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Josh-ACEing Autism

It was December 26, 2008, the day after Christmas, and I was living in Providence. Thinking back to childhood visits to Boston, I recalled that palpable sense of awe as I stood in the shadows of the giant gleaming skyscrapers, learned about Harvard and MIT, and soaked in the fervent passion of fellow Red Sox fans. “That’s it,” I said to myself, “I’m moving to Boston.”

Once there, I sought to find an outlet to share my gifts and talents with the larger community. “Shouldn’t be too difficult,” I figured. “It’s a city after all.” Yet in a short span of time, I discovered that few volunteer opportunities existed and the ones that did conflicted with my very busy schedule.

“What if I could create a group that allowed busy people to plug into service opportunities in such a way that it simply required them to show up and help? And what if this no hassle, no commitment approach also connected like-minded folks together to meet, support each other, and work side by side?

Mustering up some courage, I told a friend about my idea. She laughed, deemed it crazy, and thought it all very unnecessary. At this point, however, my can-do spirit couldn’t be stifled. The next day www.BostonVolunteer.org went live. “No sense waiting until the New Year,” I figured. “Decide and do.”

I was unprepared for what happened next. Sure, I’d invited people to our first Meetup, but I had no idea if anyone would come. After arriving at the Coolidge Corner Panera, I found a nice spot by the window, off to the side. I nervously pulled a few chairs around my table and waited, hoping a few folks would show up. Thankfully, a few did show up. Then a few more arrived. And then a few more. In a matter of minutes, almost 50 people crowded into the front room. The poor managers had a fit!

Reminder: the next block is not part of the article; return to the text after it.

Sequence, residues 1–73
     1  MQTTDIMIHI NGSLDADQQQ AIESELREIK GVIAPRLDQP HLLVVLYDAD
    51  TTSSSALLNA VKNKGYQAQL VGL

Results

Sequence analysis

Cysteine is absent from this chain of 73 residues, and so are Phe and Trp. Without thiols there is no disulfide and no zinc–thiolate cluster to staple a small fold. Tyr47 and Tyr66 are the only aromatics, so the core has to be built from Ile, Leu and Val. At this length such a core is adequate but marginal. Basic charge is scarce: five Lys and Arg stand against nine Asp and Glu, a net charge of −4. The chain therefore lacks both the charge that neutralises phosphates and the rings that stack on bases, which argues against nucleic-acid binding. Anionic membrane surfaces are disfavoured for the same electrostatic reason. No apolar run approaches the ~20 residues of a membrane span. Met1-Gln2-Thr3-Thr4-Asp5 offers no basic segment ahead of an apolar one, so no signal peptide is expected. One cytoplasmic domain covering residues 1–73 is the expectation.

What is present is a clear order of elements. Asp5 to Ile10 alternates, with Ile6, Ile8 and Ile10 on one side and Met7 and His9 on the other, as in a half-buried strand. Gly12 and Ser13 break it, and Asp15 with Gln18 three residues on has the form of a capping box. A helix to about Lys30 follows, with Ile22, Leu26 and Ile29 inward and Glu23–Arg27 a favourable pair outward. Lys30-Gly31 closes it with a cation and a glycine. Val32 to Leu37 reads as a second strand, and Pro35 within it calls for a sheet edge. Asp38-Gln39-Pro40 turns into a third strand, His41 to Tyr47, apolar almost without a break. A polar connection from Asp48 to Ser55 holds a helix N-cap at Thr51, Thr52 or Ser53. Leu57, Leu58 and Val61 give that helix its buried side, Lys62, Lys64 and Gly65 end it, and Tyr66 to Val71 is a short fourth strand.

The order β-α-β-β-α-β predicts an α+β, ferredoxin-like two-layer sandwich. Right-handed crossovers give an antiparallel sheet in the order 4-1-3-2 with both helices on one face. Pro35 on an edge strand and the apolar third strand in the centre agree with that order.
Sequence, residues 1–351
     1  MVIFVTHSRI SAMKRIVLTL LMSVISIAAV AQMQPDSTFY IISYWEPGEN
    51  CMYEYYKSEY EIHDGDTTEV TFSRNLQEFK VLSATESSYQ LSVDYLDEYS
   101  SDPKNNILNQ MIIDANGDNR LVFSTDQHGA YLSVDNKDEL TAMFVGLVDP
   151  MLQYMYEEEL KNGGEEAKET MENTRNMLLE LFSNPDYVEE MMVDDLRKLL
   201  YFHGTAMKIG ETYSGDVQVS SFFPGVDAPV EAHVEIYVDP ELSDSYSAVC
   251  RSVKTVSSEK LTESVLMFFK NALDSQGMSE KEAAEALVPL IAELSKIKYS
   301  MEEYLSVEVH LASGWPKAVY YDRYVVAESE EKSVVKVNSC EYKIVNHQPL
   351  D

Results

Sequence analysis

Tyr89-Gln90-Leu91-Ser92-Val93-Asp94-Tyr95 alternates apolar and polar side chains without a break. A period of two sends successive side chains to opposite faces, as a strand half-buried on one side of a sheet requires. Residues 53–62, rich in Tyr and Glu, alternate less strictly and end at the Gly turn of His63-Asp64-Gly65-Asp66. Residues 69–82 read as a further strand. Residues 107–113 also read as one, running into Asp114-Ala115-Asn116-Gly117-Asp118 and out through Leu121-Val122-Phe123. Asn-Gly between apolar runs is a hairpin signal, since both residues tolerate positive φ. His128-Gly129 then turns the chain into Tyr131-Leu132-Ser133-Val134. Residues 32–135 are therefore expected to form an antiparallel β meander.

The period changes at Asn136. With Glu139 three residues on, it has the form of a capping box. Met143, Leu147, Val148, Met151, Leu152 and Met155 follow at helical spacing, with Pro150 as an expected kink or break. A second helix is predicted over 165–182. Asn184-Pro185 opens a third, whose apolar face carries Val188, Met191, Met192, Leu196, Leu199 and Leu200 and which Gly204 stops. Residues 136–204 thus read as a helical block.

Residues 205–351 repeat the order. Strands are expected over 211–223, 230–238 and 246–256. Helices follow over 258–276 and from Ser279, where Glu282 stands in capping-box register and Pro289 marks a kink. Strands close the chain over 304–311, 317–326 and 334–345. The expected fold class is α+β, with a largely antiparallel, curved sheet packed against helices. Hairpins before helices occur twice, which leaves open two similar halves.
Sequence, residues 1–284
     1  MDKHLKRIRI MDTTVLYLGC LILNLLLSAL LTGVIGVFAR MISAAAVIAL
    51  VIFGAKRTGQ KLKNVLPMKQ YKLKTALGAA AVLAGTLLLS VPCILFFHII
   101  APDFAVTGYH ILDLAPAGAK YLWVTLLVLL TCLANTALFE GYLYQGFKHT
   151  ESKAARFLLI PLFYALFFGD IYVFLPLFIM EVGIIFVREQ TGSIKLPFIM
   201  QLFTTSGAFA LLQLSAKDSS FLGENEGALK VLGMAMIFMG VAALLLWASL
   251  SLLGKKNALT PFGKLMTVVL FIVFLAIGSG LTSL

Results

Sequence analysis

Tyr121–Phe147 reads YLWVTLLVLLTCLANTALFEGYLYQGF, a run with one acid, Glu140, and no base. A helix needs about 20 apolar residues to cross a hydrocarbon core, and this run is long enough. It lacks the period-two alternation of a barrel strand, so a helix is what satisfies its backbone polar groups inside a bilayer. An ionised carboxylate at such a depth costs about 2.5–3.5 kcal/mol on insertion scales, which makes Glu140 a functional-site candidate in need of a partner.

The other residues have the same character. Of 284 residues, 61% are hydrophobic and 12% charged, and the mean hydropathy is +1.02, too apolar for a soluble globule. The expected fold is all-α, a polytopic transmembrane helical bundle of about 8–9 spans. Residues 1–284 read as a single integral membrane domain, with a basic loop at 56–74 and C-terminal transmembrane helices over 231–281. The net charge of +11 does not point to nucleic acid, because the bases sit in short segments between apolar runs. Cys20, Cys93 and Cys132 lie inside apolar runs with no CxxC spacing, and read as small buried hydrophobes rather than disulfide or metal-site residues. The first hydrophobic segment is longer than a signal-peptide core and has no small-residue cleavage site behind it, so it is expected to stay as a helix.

Being shy, timid, and never wanting drawing attention to myself, we had created quite a scene! Here I was, surrounded by a mob of people looking to me for direction! These folks – most who were older than I – were energized and ready to do something. I said the only I could think of: “Let’s introduce ourselves and get to know each other!

”One by one, people shared powerful stories of making a difference in other peoples’ lives. “You need to discover how it feels,” said a young woman named Monica. “That’s what I tell my friends who have never volunteered.” And that is what Monica did with group after community volunteer celebrations that she led with us. She created a community to help people discover and experience the joy and profound meaning that comes from helping other people. In the last four years I have had the pleasure of meeting many people just like her.

That night, as I made my way home, I tried to come to grips with what had just happened. “Maybe it’s not so much that we are creating something groundbreaking,” I wondered, “and more that just we are tapping into a deeply felt need and removing the obstacles that usually prevent this can-do spirit.”

Having organized and run over 500 volunteer events, we have learned a lot. With more than 4,000 people joining in only three years, standing ready to volunteer, we now have need for a larger support system if we are going to take full advantage of the energy, desire and willingness our volunteers exhibit. Sure, we have come a long way from that first Meetup at Panera almost four years ago, but we have never once veered from the original credo. With a newly gathered Board of Directors, drawn from a variety of local communities and committed to furthering what has been started, we will be better able to harness this opportunity and help even more people in need.

I have always believed in better. That’s just how I am. And if you do too, then I invite you to join me in making the ‘better’ happen. “Decide and do,” is what I told myself that day, and I am glad I did. Let’s join together and work to make ‘better’ a reality for those who need it most. Thank you for your belief in better.

– Josh Konoff, Entrepreneur, the Boston Volunteers

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